Domestic violence is the leading cause of death among African-American women between 15 and 24. "Ugly," based on the true story of a victim named Alice Marie, has scenes that dramatize the problem with crushing candor, but its power is undercut by unsteady, jolting jumps between realistic street jargon and self-conscious, overwritten flights of poetry.
Domestic violence is the leading cause of death among African-American women between 15 and 24, and 4 million American women experience a serious assault by an intimate partner during a 12-month period. “Ugly,” based on the true story of a victim named Alice Marie, has scenes that dramatize the problem with crushing candor, but its power is undercut by unsteady, jolting jumps between realistic street jargon and self-conscious, overwritten flights of poetry.
The poetic passages, written by Nelsan Narie Ellis, reveal a striking flair for language, but they intrude upon the story. This is immediately evident during a pretentious, portentously talky opening.
The play finds its horrifying heart when Spoke (J. David Shanks) criticizes, batters and kills his pregnant wife, Alice Marie (Lynn Wactor). Ellis, who also directed, stages the encounter with unsparing brutality; this poses a problem because scenes that follow — while some are gripping — don’t match this one for sheer power.
Spoke isn’t fully defined in the writing. Mention is made of his frustration about not getting a job he considers worthy of his abilities, but there isn’t enough backstory. Shanks compensates for this lack by demonstrating how effusive affection and sexual desire can evolve into vicious battering.
A measure of Shanks’ range can be gauged by comparing his perf to his comic portrayals in pics “Barbershop” and “Barbershop 2.” Guided by director Ellis, Shanks here builds his boiling rages, so that we watch storm clouds in the distance moving closer as unfounded, jealous accusations cause him to erupt with shocking suddenness.
Wactor gives force to these fights by playing Alice Marie with pride and strength. She’s never a pathetic victim, though she sometimes underestimates Spoke’s capacity for violence by refusing him sex or accepting a gift from her male employer. Like so many battered women, she feels the compulsion to defend her man and rationalize his behavior through such statements as, “It didn’t hurt, we were just playing a game,” and, “He can really be gentle when he’s not in the mood to fight.”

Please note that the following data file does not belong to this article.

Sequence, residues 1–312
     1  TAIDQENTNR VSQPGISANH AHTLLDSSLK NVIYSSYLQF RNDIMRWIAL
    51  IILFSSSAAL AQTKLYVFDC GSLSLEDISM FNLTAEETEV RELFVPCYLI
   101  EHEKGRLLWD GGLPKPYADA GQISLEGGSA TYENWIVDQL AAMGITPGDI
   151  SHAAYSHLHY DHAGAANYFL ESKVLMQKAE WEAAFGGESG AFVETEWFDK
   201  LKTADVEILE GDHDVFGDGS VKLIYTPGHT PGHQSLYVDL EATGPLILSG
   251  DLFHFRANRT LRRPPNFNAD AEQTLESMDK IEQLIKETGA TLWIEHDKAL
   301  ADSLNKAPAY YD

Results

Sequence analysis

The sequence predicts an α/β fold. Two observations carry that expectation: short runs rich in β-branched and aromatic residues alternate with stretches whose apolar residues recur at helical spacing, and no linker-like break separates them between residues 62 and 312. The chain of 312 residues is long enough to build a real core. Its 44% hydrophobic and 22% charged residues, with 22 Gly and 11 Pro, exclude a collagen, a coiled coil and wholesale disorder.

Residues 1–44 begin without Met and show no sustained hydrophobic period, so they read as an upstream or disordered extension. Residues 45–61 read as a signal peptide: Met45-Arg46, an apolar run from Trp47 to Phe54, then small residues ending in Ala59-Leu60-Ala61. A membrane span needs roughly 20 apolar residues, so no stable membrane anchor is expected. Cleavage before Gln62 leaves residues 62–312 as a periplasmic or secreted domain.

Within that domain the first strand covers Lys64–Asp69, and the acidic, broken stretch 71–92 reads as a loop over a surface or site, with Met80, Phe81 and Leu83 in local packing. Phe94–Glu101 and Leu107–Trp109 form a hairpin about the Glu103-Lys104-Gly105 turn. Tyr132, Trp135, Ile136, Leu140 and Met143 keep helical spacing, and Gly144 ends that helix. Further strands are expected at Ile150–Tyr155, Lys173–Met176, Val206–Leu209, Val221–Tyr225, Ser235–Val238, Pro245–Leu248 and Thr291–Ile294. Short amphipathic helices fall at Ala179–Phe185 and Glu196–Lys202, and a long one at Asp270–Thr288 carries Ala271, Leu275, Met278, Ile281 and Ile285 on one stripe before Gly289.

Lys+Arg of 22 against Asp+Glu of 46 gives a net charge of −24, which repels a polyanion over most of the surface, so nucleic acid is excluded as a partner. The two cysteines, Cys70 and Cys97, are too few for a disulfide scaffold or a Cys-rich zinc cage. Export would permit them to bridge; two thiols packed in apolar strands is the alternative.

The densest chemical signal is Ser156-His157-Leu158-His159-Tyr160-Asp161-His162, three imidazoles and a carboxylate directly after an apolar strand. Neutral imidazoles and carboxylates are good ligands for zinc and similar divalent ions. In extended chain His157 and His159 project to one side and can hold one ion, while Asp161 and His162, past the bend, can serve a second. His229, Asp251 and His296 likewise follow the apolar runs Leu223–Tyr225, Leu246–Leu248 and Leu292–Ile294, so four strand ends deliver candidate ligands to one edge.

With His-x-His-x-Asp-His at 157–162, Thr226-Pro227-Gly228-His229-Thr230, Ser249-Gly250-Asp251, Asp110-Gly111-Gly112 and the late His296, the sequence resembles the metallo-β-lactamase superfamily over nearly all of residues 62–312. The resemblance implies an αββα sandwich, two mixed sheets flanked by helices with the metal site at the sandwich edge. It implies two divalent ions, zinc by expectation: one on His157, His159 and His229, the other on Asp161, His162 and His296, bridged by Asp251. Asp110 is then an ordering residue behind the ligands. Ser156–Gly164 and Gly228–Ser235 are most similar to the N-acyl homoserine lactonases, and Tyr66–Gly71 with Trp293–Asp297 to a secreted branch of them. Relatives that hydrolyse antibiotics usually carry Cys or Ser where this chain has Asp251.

As Alice Marie’s sister Yvonne, Damali Scott represents the voice of reason. Scott brings warmth and vitality to the role of a frantically concerned sibling who witnesses the beatings and struggles to rescue Alice Marie before irrevocable tragedy strikes. Begging Alice Marie to remove her sunglasses, or threatening Spoke with a baseball bat, she inspiringly exemplifies women who have the guts to stand up for themselves and those they love.
Scott also brings the evening its rare interludes of warmth and humor in a sequence where she questions Alice Marie about her sex life and lustily confides, “I found myself a stallion.” Her responses are dramatized, rather than dissipated, by the talk and preachiness found elsewhere in the play.
Raymond T. Williams is impressive as DayDay, Alice Marie’s incarcerated brother, who vows revenge. The climax, when DayDay and Spoke meet in darkness, is handled too quietly and indirectly. It’s a moment that has unrealized, explosive dramatic potential.
Most of the cast members are Juilliard graduates, and the level of acting is uniformly superior, although Toi Perkins and Abby Gerdts have to cope with artificial parts. Christopher Mowod struggles with the role of Alice Marie and Spoke’s son. Mowod conveys the bewilderment and panic of a youngster in such a troubling situation, but his role is sketchy and his major monologue doesn’t come off.
Victor “Papa” Paredes supplies jittery, exciting percussion that goes well beyond generic underscoring to add specific, agitated drive to every scene.